A guide to carbon monoxide...

Carbon monoxide poisoning
Family and group poisonings

Family and group carbon monoxide poisoning is surprisingly common. To be more precise, family and group poisonings are accurately diagnosed and publicized much more than single cases of carbon monoxide poisoning.

Two or more people arriving at the same hospital/clinic from the same location with similar symptoms are more likely to be accurately diagnosed however, there is still a high likelihood of misdiagnosis.

The vast majority of single cases of carbon monoxide poisoning go unrecognized and/or misdiagnosed. Nobody knows how many are misdiagnosed as there is no way of knowing for certain. There are only estimates.

Some say for every case of poisoning accurately diagnosed, there are at least ten that are misdiagnosed. Others say the ratio is [much] higher. This causes poisoning statistics to be highly questionable.

Just because several people at the same location suffer from carbon monoxide poisoning at the same time does not mean it will impact them in the same way. Symptoms may reveal themselves to a survivor in several ways.

People experience different symptoms while elevated levels of carbon monoxide are in their body/bloodstream. People also experience different symptoms and effects in the short term - and different symptoms and effects in the long term.

A person with a relatively low level of exposure could experience lifelong effects and someone with an extreme level of exposure may have a full recovery. There is no way to predict the outcome.

Amount of exposure, length of exposure, location within the building, what each person was doing at the time of exposure, age, individual health, and a persons physical constitution all play a role. Some people are at higher risk of ongoing symptoms and effects from poisoning than others.

Family poisonings can severely strain a family on many levels including daily functioning, work lives, finances, and relationships with each other and people outside the family. While every member of a family or group may have suffered from carbon monoxide poisoning, each person may be affected and impacted in a different way.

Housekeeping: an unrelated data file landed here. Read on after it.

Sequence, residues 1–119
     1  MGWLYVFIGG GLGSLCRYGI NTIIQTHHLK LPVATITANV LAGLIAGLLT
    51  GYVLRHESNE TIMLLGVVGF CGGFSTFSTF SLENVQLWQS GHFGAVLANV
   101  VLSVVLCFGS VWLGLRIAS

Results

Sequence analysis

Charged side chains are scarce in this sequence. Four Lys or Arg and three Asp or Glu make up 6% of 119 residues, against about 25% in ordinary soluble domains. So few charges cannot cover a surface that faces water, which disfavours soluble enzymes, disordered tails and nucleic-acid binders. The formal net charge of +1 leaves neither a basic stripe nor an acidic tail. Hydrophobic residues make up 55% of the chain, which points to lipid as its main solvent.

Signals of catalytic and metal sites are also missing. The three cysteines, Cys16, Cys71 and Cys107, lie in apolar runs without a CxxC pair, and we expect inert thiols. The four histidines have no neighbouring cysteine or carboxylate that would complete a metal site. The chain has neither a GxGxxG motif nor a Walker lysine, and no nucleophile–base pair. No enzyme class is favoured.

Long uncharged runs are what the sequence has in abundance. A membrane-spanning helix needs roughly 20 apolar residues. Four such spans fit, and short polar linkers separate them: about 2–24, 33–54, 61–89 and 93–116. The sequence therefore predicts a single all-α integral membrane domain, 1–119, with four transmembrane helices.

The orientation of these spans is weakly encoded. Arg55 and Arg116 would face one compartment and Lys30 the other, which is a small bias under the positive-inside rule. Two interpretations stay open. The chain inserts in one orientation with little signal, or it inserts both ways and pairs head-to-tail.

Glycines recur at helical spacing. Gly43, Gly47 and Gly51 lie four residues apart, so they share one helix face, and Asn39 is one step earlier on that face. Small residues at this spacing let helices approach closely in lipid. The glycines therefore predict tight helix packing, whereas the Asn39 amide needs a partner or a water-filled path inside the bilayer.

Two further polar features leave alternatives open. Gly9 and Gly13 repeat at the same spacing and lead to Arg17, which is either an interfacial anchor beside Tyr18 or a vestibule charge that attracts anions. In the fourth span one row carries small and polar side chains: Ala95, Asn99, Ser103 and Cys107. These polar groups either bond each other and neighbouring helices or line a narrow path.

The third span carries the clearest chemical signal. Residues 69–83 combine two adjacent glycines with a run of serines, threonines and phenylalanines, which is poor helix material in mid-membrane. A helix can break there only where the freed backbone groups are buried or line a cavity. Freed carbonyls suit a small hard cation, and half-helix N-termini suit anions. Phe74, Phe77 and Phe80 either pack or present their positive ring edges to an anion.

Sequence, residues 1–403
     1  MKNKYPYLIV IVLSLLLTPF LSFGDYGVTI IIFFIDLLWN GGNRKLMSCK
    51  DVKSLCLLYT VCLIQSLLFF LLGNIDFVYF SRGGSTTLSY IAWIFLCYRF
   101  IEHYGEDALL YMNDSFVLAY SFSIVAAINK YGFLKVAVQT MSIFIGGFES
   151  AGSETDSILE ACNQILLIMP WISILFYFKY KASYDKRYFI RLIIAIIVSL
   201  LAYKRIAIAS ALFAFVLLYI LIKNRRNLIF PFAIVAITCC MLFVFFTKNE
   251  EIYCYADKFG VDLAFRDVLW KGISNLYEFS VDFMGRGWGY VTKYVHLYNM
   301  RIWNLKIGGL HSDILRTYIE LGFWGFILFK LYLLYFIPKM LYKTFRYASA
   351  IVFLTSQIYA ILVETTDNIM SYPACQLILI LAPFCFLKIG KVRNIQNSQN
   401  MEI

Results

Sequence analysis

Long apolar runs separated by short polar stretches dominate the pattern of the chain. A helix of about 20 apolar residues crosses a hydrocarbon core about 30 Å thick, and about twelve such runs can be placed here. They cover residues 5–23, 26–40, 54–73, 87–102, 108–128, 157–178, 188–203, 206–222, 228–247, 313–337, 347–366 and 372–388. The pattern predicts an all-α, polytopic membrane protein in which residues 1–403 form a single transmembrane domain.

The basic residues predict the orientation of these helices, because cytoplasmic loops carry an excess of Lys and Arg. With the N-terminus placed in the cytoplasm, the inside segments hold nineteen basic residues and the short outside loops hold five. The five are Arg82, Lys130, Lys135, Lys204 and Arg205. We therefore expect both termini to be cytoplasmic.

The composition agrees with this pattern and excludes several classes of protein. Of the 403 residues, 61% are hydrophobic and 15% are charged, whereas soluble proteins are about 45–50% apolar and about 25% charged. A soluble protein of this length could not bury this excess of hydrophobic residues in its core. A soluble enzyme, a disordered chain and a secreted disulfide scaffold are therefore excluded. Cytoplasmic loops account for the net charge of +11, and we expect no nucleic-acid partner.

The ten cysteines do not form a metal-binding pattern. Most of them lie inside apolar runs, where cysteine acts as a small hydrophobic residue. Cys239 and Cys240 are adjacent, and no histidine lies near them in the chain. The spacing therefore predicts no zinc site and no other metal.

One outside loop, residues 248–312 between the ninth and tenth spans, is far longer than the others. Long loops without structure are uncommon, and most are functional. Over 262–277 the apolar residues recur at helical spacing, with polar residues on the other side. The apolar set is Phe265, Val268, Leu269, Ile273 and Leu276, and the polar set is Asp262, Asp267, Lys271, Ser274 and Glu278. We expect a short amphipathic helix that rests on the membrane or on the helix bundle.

Poisoning accidents where victims survive and others do not are unimaginably difficult, adding emotional pain on top of everything else.

Group poisonings are more likely to be properly diagnosed which then usually triggers an investigation by authorities to determine the source and circumstances that caused the carbon monoxide poisoning.

Additional certainty around the source and circumstances that cause carbon monoxide poisoning can be extremely beneficial. Group survivors are likely to have more legal options, more insurance options, and greater potential for insurance coverage.

Carbon monoxide poisoning case study

A family of four is seriously poisoned by carbon monoxide from what is thought to be a one time malfunction of a furnace. One dies from the poisoning and three survive. The survivors are affected very differently.

One year after the poisoning, one family member seems to have fully recovered. A second member insists they have recovered but is unable to recognize that they have had a range of symptoms including behavioral and personality changes - changes that those around them can see. The third member recognizes that they are still being affected, having a long list of symptoms and health issues.

Upon investigation by a team of inspectors it is revealed that the furnace had been improperly installed and had been venting low levels of CO into the home for years (under certain conditions). Everyone in the home had been exposed to a higher than normal level of carbon monoxide and had been experiencing a range of misdiagnosed health issues typical of multiple low level exposures (chronic carbon monoxide poisoning).

The mother was the family member that died from the poisoning. She had been unable to work due to health problems and had spent significantly more time in the family home. The investigation concluded that as she was at home most of the time, she likely had significantly more low level carbon monoxide exposure than the surviving family members. This was likely the main reason her health had been such a challenge and she had been unable to recover sufficiently and return to work. Her home had literally been killing her. The father traveled for extended periods with his work and spent the least amount of time in the home. He had the strongest recovery, likely because he had the least exposure.

See sources of carbon monoxide that caused one-time poisonings.

See sources of carbon monoxide that caused multiple poisonings.

Your comments about carbon monoxide poisoning...

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workplace exposure
heather
juts a quick question, for the past two months i have been bringing attention to an odd smell at work. No one seemed to care, but yesturday the odar was so bad as soon as you opened the back door the odor hit you in the face. I finally told the mgr, and they finally called the gas co. come to find out it was a carbn minoxide leak from the hot water heater...anything I can do? all the employees have had extended headaches, dizziness etc... for a while now, but now we know why.

CO poisonings are freaken tragic
Rory
In this day and age there is no excuse whatsoever for poisonings in the home. Detectors and inspections should be the law everywhere. No if ands or buts!

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